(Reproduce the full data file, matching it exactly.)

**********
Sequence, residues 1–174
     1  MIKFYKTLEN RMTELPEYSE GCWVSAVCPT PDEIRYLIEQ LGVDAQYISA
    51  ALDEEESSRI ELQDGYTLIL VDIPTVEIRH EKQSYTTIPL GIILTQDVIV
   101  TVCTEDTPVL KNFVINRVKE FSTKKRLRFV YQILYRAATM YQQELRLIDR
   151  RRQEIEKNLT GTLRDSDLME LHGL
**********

Sequence, residues 1–174
     1  MIKFYKTLEN RMTELPEYSE GCWVSAVCPT PDEIRYLIEQ LGVDAQYISA
    51  ALDEEESSRI ELQDGYTLIL VDIPTVEIRH EKQSYTTIPL GIILTQDVIV
   101  TVCTEDTPVL KNFVINRVKE FSTKKRLRFV YQILYRAATM YQQELRLIDR
   151  RRQEIEKNLT GTLRDSDLME LHGL